Annie Bananie en Europe

A blog about travel, life, and everyday tidbits

Tag Archives: my stories

My stories 04: Tim Hortons in Dalian

In February and March, J and I were stranded in the city of Dalian in northeastern China because Wuhan was on lockdown and we were unable to return. One day, I found out by chance that Tim Hortons opened two stores in Dalian, one of which was right next to the hotel where we were staying! Since this Canadian coffee chain entered the Chinese market (called Tim’s in China), it has successively opened stores in three cities (the other two are Shanghai and Zhengzhou, and I had already visited the first one to open in Shanghai last year). About Tim Hortons, its status in Canada is like that of Starbucks in the US – you could almost find one on every other block. The Canadians’ enthusiasm for Tim Hortons is no less than the Chinese people’s love for bubble tea. It’s not that the coffee is amazing or anything, but it is the taste of home that is irreplaceable. Grab a large dark roast double/double – mmm, such rich and familiar aroma that brought me a touch of colour and nostalgia in an unfamiliar city!

Large dark roast double/double with a Cesar chicken wrap. The wrap was mediocre but the coffee was desirable. I never had the dark roast in Canada and upon trying it for the first time in Dalian, felt that it was a bit too strong. I went back another day for a normal coffee double/double and immediately that authentic, familiar taste came back. Still, my favourite was the large steeped tea double/double, which I got during my third and final visit to the Dalian location. Unfortunately the steeped tea did not live up to my expectations 😦 Maybe Tim Hortons will come to Wuhan eventually…?

My stories 02: Chinese New Year

It is no surprise that the Lunar New Year is the most important event of the year for the Chinese, and growing up in a Chinese family, we observe it every year. We didn’t go all out with the rituals and celebrations, which themselves vary among regions across China. For us, it’s usually just a simple meal with the immediate family. The last time I spent Chinese New Year at home was in 2014, and my dad cooked a huge New Year’s Eve meal. I remember, though, that my mom unfortunately had to work that evening and was absent, so it was a dinner for three – my dad, my sister, and me. This year, however, I was finally able to spend New Year’s Eve with the entire family, after five years.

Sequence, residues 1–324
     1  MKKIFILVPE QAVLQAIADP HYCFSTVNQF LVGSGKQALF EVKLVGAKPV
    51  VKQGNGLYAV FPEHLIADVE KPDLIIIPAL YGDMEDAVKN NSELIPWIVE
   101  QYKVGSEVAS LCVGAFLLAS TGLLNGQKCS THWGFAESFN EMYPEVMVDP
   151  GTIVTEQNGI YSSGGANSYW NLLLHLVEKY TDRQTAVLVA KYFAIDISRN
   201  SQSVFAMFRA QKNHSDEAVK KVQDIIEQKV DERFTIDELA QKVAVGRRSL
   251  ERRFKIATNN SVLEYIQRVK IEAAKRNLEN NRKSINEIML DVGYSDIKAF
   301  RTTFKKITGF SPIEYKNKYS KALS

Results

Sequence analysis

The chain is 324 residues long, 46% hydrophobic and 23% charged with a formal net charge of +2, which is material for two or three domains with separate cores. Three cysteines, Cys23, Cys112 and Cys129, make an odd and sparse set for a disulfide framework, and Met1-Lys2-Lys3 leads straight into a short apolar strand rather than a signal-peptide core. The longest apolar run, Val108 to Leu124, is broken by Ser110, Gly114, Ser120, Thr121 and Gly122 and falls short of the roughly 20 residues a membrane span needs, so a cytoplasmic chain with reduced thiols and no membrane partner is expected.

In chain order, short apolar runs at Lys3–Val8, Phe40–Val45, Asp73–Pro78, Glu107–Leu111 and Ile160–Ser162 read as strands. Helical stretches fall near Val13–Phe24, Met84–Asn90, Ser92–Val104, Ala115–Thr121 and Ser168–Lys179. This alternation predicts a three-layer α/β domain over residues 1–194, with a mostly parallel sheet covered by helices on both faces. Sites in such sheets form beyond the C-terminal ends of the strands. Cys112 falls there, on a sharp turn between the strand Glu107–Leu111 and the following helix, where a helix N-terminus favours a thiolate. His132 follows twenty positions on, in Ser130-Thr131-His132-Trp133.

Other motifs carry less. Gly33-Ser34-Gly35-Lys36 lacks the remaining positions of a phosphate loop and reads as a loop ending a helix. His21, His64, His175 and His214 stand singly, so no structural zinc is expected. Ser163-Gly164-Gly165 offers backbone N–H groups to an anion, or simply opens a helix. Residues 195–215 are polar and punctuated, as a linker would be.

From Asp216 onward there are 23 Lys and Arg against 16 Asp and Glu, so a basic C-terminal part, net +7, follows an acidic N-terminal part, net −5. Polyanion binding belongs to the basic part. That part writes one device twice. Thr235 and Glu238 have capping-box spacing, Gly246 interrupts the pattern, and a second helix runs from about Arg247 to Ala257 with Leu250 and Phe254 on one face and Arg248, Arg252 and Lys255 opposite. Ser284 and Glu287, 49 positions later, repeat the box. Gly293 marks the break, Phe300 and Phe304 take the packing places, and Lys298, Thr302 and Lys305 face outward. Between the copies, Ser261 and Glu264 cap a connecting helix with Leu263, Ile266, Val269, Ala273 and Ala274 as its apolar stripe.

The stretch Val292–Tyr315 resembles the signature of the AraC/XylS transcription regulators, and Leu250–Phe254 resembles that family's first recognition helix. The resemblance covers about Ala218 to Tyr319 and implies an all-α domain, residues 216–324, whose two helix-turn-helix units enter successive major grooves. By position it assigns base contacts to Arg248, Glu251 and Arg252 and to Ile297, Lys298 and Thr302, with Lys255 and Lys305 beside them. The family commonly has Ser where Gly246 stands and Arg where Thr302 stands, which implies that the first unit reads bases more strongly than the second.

During the Chinese New Year celebrations, elders are obliged by cultural norms to give youngsters red pockets containing lucky money, or “lai-see” in Cantonese. When I was a kid, I would receive lai-see from many relatives and friends of my parents. What did I do with the money? Well, I’d be lucky if I knew how much money was in the lai-see. Why is that? Well, my mom (and many Chinese moms do the same) would claim that I was too young to spend money anyway, so she would “save up the money” for my future. After that, I would never find out the whereabouts of the lai-see. Another thing is that only married people are expected to give out lai-see – I think this is a Cantonese norm, but I’m not 100% sure. So, even though I’m in my 30s, I still receive lai-see from my relatives and am not condemned if I don’t “return the favour” by similarly handing out lai-see to their kids. I guess that’s another reason not to get married yet…

And then there are firecrackers. Perhaps it’s an irrational fear, but I’m deathly afraid of sudden, loud noises – popping balloons, thunder, and firecrackers. I can’t recall what prompted this fear in me, but I do remember shivering and hiding in the house when the firecrackers were lit in my childhood days. Nowadays, firecrackers are prohibited in many cities in China, but are still a widespread form of celebration in the countryside. It does seem like traditional Chinese heritage is being compromised by the diminishing popularity of firecrackers, but at least it effectively alleviated my pain and suffering from the deafening noises that remain in my memories.

Red pockets containing lucky money, given out during Chinese New Year.

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